The Fair Work Ombudsman has secured an enforceable undertaking against a cleaning company that underpaid bridging and 457 visa holders working on a government contract.
Melbourne-based Veracity Property Services was found to have underpaid two Sri Lankan employees who had been employed as cleaners at a south-east Melbourne public school.
One of the workers was in Australia on a skilled 457 visa, the other on a bridging visa.
According to the Fair Work Ombudsman (FWO), Veracity failed to pay both workers under the relevant award, resulting in underpayments worth a collective $1,604 in the three months between July and September 2017.
In addition to forcing Veracity to repay the workers, the enforceable undertaking requires the business to audit its payments processes and working conditions of its entire workforce, as well as hire an external consultant to review whether employees have been wrongly classified as independent contractors.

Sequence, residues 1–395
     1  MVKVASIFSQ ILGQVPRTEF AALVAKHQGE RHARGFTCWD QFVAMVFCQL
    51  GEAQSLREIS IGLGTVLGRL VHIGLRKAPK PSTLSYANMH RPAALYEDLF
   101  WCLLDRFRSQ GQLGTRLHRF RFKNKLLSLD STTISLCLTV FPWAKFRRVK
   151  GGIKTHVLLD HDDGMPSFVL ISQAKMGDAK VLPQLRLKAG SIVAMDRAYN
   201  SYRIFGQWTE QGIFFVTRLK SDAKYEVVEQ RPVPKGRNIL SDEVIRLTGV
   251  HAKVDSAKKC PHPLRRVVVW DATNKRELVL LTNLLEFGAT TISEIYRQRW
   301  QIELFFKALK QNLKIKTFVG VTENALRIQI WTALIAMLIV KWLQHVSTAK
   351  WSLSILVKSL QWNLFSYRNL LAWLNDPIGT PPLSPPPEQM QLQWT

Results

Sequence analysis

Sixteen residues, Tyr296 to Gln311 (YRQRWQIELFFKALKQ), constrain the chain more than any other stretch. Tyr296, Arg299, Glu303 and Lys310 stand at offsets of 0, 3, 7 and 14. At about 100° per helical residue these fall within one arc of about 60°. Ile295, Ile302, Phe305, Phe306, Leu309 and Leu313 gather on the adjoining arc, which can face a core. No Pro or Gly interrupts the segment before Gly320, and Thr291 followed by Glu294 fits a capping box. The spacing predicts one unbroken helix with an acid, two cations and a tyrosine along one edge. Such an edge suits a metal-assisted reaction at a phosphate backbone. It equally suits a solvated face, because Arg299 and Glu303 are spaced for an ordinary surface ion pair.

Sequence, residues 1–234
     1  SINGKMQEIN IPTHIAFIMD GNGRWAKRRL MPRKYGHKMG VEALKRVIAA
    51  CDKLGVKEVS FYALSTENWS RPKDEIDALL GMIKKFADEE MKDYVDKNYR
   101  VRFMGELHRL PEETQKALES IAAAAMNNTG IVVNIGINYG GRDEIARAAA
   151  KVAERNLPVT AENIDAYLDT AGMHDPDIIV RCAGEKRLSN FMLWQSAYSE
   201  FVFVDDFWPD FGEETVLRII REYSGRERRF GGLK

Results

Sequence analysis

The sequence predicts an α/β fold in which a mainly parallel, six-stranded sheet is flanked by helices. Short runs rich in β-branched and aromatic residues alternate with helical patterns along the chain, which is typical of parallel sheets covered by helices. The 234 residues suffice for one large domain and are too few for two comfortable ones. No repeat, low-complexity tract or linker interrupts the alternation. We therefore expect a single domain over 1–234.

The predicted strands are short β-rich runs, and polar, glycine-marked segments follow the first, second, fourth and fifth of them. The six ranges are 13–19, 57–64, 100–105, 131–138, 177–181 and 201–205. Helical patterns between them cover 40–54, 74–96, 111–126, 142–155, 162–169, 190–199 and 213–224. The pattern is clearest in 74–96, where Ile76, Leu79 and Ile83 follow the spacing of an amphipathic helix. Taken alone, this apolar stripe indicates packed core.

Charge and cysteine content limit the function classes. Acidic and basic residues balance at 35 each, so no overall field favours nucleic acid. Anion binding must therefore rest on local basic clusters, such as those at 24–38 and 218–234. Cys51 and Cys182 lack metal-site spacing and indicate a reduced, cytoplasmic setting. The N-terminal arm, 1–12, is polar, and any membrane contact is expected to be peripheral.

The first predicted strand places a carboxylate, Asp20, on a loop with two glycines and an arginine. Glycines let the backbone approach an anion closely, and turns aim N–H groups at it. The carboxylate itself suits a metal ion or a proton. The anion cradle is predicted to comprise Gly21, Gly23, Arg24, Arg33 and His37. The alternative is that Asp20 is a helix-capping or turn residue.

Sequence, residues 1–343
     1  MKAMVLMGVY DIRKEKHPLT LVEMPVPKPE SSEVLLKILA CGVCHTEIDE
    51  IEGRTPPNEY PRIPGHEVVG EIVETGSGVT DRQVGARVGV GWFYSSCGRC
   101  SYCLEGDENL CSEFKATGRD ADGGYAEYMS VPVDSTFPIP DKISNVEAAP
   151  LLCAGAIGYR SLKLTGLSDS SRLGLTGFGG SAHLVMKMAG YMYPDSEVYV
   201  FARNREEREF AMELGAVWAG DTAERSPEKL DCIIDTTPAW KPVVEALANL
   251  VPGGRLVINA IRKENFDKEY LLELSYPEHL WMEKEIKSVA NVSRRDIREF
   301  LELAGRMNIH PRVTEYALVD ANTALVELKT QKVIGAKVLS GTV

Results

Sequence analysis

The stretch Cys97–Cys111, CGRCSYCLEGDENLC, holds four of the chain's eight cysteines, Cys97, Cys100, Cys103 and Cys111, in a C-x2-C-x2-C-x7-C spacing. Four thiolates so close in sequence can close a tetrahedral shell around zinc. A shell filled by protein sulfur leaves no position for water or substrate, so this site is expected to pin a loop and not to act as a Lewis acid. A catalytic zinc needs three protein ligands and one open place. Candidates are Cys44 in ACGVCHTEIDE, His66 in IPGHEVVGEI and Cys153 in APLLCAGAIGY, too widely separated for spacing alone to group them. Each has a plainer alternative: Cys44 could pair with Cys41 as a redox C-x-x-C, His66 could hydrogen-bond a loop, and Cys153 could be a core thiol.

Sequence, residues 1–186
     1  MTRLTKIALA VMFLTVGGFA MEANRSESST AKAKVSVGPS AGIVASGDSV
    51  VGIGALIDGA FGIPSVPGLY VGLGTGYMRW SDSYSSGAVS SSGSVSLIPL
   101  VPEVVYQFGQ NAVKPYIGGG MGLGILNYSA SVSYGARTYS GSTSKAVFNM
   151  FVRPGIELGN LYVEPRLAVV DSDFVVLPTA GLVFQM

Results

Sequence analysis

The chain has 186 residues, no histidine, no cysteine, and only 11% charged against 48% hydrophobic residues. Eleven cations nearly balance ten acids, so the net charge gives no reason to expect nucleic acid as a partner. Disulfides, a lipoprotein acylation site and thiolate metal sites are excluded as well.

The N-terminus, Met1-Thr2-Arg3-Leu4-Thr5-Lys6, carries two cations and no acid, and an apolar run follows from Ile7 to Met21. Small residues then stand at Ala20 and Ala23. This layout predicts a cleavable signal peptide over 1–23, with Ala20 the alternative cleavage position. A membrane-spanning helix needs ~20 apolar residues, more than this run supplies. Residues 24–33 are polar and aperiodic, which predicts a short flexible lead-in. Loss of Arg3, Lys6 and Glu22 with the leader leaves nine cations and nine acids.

“Cleaners can be some of the most vulnerable workers in Australia, particularly visa holders,” ombudsman Sandra Parker said.
“We investigated this company as part of our compliance activity into the cleaning supply chain for metropolitan and regional Victorian government schools.
“The Fair Work Ombudsman will continue to target industries where we are concerned about the underpayment of overseas workers, as they can be particularly vulnerable and reluctant to request our assistance.”
The issue of employees wrongly being classified as contractors has attracted widespread attention in recent months, after the FWO in June launched legal action against food delivery service Foodora, amid a wider investigation of the entire industry.
Foodora subsequently announced plans to quit its Australian operations.
Adam Zuchetti is the editor of My Business, and has steered the publication’s editorial direction since early 2016.
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